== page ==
The interactive association of adverse childhood experiences and polygenic susceptibility with depressive symptoms and chronic inflammation in older adults: a prospective cohort study
Published online by Cambridge University Press: 05 August 2021
Adverse childhood experiences (ACEs) and genetic liability are important risk factors for depression and inflammation. However, little is known about the gene−environment (G × E) mechanisms underlying their aetiology. For the first time, we tested the independent and interactive associations of ACEs and polygenic scores of major depressive disorder (MDD-PGS) and C-reactive protein (CRP-PGS) with longitudinal trajectories of depression and chronic inflammation in older adults.
Data were drawn from the English longitudinal study of ageing (N~3400). Retrospective information on ACEs was collected in wave3 (2006/07). We calculated a cumulative risk score of ACEs and also assessed distinct dimensions separately. Depressive symptoms were ascertained on eight occasions, from wave1 (2002/03) to wave8 (2016/17). CRP was measured in wave2 (2004/05), wave4 (2008/09), and wave6 (2012/13). The associations of the risk factors with group-based depressive-symptom trajectories and repeated exposure to high CRP (i.e. ⩾3 mg/L) were tested using multinomial and ordinal logistic regression.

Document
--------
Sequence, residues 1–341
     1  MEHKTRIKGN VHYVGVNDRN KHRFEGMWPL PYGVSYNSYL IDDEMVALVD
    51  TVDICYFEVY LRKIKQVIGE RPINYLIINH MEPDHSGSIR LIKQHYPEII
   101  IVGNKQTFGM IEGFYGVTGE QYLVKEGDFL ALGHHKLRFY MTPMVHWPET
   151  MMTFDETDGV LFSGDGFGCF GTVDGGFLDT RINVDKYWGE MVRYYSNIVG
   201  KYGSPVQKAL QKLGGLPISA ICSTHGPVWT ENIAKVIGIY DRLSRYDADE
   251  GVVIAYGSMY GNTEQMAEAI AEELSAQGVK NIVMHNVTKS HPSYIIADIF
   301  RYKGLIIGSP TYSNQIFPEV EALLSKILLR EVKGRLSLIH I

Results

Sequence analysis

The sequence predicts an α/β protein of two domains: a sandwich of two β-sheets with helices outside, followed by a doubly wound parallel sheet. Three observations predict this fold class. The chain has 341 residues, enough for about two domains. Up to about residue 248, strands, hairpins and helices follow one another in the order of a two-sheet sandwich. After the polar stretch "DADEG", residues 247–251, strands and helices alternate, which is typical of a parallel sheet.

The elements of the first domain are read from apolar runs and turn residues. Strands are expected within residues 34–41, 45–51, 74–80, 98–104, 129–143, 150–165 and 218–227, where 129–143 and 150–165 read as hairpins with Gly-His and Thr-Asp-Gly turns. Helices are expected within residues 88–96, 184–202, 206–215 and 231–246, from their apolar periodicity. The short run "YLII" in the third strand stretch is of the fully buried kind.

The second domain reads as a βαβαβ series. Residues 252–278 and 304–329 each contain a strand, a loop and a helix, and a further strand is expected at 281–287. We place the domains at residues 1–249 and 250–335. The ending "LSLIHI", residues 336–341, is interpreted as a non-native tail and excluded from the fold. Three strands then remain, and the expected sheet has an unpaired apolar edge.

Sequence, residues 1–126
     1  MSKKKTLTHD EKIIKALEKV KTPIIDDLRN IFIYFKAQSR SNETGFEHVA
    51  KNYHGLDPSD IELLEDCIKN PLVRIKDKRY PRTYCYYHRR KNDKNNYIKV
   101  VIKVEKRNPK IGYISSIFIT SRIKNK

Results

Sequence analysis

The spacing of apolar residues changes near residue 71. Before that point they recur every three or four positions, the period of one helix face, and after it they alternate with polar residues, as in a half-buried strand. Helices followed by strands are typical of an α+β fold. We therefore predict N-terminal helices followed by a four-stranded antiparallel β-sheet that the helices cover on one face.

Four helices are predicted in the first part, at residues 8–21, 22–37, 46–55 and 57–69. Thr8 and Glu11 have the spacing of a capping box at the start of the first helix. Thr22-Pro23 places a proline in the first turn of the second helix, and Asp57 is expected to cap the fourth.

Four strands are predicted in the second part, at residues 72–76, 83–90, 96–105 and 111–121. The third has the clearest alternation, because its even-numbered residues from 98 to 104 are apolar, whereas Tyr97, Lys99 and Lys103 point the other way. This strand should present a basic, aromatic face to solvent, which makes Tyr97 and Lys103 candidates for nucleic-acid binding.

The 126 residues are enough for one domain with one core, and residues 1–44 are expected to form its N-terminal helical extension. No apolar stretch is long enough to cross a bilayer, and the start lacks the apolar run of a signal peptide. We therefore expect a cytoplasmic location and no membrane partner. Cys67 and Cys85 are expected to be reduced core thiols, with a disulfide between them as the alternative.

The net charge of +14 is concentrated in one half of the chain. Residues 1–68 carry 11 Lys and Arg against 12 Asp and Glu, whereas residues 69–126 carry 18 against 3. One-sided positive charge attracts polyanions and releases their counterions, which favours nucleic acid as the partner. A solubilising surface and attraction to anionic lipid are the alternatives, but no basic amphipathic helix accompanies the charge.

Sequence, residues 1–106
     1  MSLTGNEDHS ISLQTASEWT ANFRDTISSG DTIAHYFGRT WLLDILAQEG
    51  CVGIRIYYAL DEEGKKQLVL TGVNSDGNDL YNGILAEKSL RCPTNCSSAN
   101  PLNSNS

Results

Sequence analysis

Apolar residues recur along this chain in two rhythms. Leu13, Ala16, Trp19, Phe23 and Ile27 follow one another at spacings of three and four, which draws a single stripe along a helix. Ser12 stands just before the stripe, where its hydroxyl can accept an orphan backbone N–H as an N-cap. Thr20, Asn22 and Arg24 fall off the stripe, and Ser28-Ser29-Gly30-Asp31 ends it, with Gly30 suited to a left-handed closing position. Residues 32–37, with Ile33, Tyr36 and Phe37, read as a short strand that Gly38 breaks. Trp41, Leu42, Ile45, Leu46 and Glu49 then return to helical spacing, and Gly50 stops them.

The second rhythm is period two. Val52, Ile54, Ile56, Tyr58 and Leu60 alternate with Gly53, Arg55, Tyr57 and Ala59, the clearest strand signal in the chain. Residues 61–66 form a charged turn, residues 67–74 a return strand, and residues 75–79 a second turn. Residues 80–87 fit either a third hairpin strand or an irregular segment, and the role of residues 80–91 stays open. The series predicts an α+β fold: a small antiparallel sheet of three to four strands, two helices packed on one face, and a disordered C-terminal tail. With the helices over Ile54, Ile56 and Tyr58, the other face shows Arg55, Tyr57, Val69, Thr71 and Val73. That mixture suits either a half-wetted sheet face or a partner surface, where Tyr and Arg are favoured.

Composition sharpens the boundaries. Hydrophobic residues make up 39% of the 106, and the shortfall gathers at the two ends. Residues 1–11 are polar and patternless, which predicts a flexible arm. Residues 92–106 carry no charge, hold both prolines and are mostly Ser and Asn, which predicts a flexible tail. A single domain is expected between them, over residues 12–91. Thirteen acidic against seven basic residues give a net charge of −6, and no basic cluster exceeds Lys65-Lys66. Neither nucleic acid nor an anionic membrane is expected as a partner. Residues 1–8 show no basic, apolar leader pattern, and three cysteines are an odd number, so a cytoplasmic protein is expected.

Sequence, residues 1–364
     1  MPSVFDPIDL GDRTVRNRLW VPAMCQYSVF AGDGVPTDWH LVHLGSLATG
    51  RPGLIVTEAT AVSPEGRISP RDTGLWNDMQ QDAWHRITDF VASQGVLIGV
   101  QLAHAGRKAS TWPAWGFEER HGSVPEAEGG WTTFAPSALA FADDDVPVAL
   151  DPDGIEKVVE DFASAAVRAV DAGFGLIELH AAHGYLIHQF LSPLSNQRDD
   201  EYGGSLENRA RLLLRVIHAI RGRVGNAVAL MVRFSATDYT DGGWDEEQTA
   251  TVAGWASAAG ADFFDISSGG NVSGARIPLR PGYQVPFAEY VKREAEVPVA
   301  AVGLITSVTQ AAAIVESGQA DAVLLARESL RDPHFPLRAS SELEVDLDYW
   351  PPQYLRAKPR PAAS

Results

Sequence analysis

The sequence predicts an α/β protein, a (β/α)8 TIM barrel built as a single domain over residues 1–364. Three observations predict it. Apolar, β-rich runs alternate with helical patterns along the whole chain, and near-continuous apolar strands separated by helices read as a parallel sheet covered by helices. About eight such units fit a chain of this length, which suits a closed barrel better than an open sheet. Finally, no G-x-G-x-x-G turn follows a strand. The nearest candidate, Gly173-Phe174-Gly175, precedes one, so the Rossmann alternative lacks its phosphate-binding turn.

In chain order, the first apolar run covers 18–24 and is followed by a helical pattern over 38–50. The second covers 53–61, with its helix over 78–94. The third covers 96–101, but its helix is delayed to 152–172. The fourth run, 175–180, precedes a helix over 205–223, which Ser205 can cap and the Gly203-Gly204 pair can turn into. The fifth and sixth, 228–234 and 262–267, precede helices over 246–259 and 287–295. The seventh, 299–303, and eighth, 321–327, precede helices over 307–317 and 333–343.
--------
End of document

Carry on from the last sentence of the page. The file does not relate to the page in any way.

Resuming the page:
All types of ACEs were independently associated with high depressive-symptom trajectories (OR 1.44, 95% CI 1.30–1.60) and inflammation (OR 1.08, 95% CI 1.07–1.09). The risk of high depressive-symptom trajectories (OR 1.47, 95% CI 1.28–1.70) and inflammation (OR 1.03, 95% CI 1.01–1.04) was also higher for participants with higher MDD-PGS. G×E analyses revealed that the associations between ACEs and depressive symptoms were larger among participants with higher MDD-PGS (OR 1.13, 95% CI 1.04–1.23). ACEs were also more strongly related to inflammation in participants with higher CRP-PGS (OR 1.02, 95% CI 1.01–1.03).
ACEs and polygenic susceptibility were independently and interactively associated with elevated depressive symptoms and chronic inflammation, highlighting the clinical importance of assessing both ACEs and genetic risk factors to design more targeted interventions.
- Original Article
- Copyright © The Author(s), 2021. Published by Cambridge University Press.